Most of the prices listed for the hardware that we recommend can be found in our very own RealTime Pricing Engine. Any prices not found in our engine can be found on pricewatch. Relevant parts of our RealTime pricing engine are listed at the bottom of every page of our Buyer's Guides so that you can choose the lowest prices from a large variety of vendors.

We are always taking suggestions on how to improve our Buyer's Guides, and the changes you are seeing here are the result of suggestions from our readers and Editors. Since we are adding 2 new guides to AnandTech, email your suggestions for new guides to Evan or Wes. Considerations include a Buyer's Guide for SFF (Small Form Factor systems), Gaming System, and Laptop/DTP (Desk-Top Replacement). If you have other suggestions, let us know; the Guides are to help you with your buying decisions.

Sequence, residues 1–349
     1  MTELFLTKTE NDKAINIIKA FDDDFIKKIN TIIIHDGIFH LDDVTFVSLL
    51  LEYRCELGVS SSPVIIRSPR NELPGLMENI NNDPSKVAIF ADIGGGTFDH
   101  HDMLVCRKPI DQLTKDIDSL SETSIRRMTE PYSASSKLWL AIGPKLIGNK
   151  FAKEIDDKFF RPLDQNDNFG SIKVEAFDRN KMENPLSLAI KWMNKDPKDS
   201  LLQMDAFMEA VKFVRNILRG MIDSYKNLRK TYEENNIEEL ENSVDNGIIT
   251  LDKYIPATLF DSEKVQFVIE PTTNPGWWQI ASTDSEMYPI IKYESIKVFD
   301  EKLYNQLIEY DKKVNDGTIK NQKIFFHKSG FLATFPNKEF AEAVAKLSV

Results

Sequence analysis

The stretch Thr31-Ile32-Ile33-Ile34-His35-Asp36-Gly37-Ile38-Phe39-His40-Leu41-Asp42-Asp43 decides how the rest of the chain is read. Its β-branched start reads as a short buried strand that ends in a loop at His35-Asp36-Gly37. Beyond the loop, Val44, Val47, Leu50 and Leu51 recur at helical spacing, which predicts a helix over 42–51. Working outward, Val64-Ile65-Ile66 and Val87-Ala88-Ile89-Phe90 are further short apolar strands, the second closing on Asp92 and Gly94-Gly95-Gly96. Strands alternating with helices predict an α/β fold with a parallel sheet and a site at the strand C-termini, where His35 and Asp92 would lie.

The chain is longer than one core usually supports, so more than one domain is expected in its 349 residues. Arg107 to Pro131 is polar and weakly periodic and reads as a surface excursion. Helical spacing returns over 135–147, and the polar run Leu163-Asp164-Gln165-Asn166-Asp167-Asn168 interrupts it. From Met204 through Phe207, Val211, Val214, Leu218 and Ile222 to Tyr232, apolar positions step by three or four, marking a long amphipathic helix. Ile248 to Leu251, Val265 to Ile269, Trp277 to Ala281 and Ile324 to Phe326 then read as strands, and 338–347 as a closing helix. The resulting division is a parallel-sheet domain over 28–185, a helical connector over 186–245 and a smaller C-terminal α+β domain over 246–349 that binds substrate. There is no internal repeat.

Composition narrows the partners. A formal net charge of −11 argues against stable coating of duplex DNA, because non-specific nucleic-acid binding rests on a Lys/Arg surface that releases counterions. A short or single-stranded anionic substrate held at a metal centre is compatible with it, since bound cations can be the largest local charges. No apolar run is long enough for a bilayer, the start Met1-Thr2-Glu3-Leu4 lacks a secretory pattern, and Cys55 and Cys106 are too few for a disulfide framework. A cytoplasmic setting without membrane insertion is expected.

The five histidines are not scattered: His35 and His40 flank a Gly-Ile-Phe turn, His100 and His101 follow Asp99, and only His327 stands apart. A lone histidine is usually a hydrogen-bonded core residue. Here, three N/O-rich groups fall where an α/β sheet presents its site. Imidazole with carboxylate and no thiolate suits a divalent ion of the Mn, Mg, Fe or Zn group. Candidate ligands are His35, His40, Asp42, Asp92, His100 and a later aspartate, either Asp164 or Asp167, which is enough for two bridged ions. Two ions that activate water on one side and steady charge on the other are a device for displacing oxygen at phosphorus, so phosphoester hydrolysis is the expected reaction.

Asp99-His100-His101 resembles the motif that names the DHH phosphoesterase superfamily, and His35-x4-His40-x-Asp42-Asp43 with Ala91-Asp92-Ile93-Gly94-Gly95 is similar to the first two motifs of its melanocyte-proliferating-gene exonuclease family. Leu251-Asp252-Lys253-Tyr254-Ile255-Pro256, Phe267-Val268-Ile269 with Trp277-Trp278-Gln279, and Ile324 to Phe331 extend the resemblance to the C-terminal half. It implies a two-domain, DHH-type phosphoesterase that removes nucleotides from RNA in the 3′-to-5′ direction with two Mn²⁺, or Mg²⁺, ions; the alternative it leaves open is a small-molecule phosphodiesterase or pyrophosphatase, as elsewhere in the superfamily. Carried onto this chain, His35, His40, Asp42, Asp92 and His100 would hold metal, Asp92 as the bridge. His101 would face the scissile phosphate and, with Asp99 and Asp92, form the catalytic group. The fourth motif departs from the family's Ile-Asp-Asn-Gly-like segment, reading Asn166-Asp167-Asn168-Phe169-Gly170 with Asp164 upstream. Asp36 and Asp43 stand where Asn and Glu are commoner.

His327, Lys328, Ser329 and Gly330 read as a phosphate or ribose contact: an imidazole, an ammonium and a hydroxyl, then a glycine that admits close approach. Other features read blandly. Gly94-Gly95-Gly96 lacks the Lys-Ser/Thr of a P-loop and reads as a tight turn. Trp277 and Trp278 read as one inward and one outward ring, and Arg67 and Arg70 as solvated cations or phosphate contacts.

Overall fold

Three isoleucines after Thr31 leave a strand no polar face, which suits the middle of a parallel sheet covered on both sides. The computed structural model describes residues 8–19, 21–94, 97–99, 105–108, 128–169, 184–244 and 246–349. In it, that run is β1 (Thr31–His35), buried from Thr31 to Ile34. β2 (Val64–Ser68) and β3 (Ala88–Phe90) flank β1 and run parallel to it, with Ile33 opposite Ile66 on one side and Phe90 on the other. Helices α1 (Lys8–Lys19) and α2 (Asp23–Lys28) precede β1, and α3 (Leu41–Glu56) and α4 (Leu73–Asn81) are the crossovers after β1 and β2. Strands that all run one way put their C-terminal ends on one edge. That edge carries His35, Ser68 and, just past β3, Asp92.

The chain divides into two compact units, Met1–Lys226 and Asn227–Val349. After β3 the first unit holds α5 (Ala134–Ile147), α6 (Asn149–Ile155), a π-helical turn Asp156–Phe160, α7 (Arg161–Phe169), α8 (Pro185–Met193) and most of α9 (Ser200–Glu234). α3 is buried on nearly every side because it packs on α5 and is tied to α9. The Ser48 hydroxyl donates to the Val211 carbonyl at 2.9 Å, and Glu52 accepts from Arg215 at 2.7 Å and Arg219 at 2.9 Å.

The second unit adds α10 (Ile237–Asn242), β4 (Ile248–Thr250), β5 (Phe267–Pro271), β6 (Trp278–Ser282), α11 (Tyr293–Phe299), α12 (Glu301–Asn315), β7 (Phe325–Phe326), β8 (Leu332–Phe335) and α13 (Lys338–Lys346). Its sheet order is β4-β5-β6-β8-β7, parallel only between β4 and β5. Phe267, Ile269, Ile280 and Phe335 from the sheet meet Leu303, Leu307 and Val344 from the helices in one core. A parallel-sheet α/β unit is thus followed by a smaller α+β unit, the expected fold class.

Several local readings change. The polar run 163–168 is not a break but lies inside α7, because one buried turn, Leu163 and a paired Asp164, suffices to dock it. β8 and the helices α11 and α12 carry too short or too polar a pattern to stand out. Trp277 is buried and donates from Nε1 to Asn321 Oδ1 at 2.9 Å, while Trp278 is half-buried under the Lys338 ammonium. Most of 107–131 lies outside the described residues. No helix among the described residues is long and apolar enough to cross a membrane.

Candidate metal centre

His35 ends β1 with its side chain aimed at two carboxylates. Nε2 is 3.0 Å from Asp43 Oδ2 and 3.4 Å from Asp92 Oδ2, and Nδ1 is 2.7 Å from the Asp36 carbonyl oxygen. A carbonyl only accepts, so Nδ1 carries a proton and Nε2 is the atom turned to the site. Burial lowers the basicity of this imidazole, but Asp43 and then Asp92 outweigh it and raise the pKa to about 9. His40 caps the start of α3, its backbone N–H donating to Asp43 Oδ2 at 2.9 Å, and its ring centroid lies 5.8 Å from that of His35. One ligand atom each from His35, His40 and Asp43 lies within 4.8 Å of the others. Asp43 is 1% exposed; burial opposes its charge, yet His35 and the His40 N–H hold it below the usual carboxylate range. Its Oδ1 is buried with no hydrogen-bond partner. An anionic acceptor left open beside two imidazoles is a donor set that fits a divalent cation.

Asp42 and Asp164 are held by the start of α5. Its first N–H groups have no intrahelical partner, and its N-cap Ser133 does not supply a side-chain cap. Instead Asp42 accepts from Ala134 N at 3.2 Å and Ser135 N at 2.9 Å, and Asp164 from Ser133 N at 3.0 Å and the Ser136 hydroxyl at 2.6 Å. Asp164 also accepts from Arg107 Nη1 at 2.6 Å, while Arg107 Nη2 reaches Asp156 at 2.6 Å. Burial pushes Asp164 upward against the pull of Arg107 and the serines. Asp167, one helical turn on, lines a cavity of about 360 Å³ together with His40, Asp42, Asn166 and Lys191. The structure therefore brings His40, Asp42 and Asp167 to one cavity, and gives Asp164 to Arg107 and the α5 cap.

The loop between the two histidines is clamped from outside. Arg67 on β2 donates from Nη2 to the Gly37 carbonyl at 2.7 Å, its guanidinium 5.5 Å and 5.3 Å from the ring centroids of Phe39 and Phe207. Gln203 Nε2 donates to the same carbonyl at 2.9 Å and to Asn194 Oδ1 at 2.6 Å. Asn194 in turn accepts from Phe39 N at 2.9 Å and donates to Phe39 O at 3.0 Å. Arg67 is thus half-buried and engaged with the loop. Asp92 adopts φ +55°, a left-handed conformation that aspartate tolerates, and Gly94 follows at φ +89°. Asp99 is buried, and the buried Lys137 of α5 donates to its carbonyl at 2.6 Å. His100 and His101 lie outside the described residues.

High End

A High End System is put together with different concerns than an entry level or mid-range system.
  • Entry level systems should be constructed mainly with price and reliability in mind, with performance a fairly distant third consideration.
  • Mid-range systems place reliability as a number one priority, but price and performance are in a not-so-distant tie for second place.
Evan Lieb, our Editor for Entry and Mid-Range Buyers Guides, goes into a more in-depth explanation of the priorities with entry level and mid-range systems in his ongoing Entry Level and Mid-Range Guides that appear each month.

A High End system should represent the best performance that you can buy for a given need. In this case, the given need is defined as a Desktop Computer System built from the best performing computer components that you can actually buy. This differs from other Buyer's Guides, which concentrate on value first. With the extensive testing done at AnandTech by many different Editors, we have personally tested many of these components, and you will see our Editor's Choice components appear frequently in the Buyers Guides.